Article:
Covid Scenarios for my Household

I am sort of like a visitor to a foreign country with endemic malaria. I might have opinions about public health, but my opinions don’t matter and the real issue is that I have to decide if

  • I want to get a disease ASAP (i.e. get it over with and hope that I don’t get & that it confers lasting immunity)
  • Roll the dice with a disease (take calculated risks)
  • or avoid it altogether. (Gets harder and harder to drive risk to 0%)

What’s the worst that could happen?

  • Me: I’m in excellent health, worst that could happen is a blood clot or stroke. I’m unlikely to die. Probably the same for my wife.
  • My kids: Worst that could happen is kawasaki-like disease.
  • People who I might give the disease to in my community: Base 0.7% chance of death, much higher risk of hospitalization.

Who cares when the businesses open, I think I’ve stopped going to grocery stores forever. It is a shift like the time I stopped going to video rental stores forever. The reopen date matters for two things:

School and Office.
If the schools open, likely the kids will get it over the next year, be asymptomatic and bring it home. They will either transmit it to me and my wife or them being asymptomatic will not be infectious enough to spread it at home.

If the office opens, assuming I have to go to the office, I can bike and mask up. I’m going to be unprofessionally sweaty though. If biking doesn’t work out, and driving doesn’t work out, I’ll get covid from riding the metro sometime over the next year of riding it.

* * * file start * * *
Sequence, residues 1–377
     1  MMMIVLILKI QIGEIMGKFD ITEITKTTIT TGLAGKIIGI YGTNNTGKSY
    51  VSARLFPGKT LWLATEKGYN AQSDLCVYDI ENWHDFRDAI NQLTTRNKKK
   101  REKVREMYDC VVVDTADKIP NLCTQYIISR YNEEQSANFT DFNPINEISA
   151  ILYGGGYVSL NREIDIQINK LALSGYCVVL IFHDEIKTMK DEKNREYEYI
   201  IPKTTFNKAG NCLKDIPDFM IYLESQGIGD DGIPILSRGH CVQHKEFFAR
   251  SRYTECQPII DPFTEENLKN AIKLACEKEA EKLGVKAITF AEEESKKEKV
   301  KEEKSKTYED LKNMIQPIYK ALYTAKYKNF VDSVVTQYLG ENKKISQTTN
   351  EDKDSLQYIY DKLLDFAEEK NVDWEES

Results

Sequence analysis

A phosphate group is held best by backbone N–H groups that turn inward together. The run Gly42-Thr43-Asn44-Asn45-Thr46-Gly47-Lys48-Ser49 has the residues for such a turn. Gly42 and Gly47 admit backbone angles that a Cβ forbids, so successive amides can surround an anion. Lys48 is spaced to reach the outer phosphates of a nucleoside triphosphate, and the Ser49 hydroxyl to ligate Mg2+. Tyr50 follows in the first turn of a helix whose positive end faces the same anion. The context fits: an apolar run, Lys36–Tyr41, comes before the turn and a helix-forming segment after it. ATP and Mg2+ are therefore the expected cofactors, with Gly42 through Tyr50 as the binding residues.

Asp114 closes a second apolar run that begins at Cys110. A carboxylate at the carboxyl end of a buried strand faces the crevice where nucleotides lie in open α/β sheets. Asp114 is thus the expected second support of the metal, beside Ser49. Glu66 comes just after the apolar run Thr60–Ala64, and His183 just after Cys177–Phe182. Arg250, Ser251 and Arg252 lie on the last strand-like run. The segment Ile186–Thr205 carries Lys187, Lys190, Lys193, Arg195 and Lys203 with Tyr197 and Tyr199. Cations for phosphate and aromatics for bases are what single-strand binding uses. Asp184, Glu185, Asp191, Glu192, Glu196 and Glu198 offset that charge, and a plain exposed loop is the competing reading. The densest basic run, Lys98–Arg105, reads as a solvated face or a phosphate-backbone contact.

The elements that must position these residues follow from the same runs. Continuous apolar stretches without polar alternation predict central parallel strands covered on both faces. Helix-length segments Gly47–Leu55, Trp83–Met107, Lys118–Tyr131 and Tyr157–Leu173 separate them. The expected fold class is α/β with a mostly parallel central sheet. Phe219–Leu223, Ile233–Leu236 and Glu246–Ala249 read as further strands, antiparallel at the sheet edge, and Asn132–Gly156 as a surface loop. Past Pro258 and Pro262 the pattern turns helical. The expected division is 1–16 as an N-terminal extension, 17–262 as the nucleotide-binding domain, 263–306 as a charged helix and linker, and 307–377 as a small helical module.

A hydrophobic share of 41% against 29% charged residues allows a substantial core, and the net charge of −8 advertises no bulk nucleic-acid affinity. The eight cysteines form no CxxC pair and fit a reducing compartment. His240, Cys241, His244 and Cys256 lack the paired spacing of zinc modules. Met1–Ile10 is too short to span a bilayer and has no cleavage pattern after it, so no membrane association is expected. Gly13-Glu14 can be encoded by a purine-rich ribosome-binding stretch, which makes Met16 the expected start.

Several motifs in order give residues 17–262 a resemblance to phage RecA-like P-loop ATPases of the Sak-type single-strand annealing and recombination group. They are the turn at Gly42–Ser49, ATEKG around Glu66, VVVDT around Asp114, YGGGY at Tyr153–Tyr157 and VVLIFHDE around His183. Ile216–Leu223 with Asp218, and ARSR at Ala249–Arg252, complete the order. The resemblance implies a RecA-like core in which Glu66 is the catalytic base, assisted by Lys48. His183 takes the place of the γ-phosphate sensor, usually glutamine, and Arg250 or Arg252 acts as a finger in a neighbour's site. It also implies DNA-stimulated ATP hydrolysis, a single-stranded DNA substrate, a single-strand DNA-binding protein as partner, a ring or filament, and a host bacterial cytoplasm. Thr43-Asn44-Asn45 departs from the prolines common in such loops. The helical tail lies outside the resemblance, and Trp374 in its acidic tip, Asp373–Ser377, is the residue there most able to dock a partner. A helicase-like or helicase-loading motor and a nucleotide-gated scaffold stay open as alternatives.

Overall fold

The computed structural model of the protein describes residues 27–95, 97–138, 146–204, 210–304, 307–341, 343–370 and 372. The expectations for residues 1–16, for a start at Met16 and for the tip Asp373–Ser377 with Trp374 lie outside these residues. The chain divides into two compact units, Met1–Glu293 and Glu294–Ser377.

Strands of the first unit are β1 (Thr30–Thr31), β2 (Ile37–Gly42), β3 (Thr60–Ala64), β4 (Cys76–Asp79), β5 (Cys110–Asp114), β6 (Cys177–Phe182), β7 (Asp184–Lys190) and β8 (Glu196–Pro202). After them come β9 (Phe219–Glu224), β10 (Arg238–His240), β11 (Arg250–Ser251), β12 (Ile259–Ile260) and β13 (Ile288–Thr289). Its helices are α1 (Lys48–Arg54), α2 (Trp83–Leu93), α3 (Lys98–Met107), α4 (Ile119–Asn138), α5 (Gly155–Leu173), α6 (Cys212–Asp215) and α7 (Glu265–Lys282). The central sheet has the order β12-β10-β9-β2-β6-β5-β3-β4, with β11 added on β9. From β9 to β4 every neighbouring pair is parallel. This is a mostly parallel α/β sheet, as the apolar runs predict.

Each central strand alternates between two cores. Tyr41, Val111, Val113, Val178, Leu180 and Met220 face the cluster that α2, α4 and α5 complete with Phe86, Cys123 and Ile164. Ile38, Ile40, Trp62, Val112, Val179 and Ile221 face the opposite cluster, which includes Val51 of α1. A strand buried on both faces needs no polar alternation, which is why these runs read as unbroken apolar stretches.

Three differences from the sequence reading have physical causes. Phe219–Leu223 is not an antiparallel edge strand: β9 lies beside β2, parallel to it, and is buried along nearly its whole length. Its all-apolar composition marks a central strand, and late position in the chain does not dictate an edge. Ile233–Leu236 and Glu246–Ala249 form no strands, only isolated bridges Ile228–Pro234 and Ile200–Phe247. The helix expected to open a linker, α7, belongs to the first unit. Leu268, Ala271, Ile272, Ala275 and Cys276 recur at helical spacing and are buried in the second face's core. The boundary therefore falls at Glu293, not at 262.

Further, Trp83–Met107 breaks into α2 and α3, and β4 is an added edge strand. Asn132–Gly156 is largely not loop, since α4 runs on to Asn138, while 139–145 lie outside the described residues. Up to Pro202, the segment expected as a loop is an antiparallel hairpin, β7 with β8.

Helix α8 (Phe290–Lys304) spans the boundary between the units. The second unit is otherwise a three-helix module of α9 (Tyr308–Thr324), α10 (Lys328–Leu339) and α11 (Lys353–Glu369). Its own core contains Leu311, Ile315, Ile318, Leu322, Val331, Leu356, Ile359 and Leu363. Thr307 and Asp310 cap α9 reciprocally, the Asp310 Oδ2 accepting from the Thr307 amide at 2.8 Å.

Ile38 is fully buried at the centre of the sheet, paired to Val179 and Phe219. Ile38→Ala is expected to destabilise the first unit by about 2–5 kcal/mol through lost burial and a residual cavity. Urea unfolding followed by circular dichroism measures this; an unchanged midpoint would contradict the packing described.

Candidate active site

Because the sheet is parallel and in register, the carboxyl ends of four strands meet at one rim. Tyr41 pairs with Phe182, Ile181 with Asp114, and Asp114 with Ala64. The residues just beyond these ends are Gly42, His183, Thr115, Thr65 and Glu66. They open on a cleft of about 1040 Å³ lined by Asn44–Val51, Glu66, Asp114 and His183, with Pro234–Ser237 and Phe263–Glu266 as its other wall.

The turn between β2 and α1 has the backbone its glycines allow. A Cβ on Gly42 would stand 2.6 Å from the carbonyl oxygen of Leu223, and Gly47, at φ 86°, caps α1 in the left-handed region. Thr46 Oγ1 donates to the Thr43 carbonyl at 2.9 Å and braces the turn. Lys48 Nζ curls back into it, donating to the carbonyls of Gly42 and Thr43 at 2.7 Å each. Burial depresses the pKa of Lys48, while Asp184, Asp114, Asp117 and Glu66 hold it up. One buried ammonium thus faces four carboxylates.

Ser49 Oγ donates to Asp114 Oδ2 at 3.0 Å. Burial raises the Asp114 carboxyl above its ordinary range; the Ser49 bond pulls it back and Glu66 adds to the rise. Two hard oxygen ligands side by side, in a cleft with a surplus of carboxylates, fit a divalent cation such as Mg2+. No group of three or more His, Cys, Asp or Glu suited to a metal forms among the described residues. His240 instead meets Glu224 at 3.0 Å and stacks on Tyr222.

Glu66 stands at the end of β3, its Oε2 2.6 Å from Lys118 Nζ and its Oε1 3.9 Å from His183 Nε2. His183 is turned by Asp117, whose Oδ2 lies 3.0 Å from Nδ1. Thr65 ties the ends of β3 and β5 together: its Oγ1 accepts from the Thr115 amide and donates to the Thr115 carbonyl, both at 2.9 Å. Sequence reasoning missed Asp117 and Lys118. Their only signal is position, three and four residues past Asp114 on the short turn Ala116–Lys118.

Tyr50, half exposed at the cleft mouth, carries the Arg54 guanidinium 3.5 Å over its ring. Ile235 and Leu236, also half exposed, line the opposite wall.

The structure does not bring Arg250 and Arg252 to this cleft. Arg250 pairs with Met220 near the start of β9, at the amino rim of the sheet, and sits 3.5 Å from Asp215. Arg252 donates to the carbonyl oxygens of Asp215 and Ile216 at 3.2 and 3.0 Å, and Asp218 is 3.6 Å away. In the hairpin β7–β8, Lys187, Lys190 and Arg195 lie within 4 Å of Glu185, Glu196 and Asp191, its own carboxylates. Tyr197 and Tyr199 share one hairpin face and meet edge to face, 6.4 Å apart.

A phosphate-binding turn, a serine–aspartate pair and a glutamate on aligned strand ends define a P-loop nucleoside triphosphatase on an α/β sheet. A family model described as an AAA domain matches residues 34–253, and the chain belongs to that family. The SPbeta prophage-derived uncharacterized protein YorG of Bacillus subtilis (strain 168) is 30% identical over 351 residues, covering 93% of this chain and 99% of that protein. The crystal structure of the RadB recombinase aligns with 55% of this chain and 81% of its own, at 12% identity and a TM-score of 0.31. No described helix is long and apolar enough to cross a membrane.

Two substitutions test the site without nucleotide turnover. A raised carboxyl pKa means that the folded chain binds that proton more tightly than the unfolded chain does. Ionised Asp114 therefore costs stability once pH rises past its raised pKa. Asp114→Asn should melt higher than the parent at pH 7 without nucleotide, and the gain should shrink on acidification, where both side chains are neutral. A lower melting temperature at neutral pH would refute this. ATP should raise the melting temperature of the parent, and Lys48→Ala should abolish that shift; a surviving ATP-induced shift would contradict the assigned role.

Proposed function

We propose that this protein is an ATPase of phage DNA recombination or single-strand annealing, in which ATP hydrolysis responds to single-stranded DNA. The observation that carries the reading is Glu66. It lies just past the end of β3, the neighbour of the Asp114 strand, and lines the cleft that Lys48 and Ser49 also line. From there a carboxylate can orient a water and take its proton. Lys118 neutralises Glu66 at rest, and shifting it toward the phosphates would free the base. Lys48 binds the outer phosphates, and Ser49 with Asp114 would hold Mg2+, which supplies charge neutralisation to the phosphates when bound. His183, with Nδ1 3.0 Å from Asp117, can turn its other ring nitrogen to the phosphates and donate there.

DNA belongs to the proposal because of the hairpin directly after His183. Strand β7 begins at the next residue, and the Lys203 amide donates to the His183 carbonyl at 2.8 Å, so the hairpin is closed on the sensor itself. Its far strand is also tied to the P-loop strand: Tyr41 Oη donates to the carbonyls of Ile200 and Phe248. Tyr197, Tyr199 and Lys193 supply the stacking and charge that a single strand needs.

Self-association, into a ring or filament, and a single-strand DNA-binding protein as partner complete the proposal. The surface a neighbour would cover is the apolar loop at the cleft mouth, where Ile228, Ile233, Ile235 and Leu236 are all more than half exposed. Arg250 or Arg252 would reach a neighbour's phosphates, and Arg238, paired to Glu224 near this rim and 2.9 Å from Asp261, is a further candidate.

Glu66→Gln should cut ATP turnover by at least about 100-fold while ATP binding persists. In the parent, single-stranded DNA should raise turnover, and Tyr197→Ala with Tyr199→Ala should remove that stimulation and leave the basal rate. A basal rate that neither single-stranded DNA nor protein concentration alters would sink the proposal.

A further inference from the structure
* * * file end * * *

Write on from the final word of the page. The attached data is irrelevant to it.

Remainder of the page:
Once covid is at the house, it is 60%-100% chance the the one adult will give it to the other. I’m not sure what the exact odds are for child to adult transmission, I’ve seen in the media something like 0% (lower infectivity theory) or 60%-100% odds (kids just as infectious as adults theory).

So at best I can reduce the my odds of getting it if schools and offices open. It is an open question if I can follow a strict protocol to get through life like a medical worker walking through the covid ward with such good hygiene as to avoid it despite every opportunity to get it.

Training for Covid & Aiming to avoid it altogether
Going to a covid party, or just being equally reckless is a bad choice. That leaves the last two options, roll the dice–and we can choose how often and what sort of dice we roll by what hygiene protocol we follow. That pushes the date I get covid further into the future, which gives me time to train for it.

Training

  • Cardio- I’ll run daily
  • Vitamin D- 1000IU of vitamin D
  • General health- I’m a health nut and I follow a lot of preventative protocols, I follow most of the advice public health authorities recommend to prevent the top 10 killers (heart disease, stroke, cancer, etc)

Not rolling the dice

  • Eliminate avoidable crowded places (dine-in, grocery stores, trains & planes)
  • Follow fairly strict protocols at home (once schools and offices are open, likely to fail)
  • Follow fairly strict protocols outdoors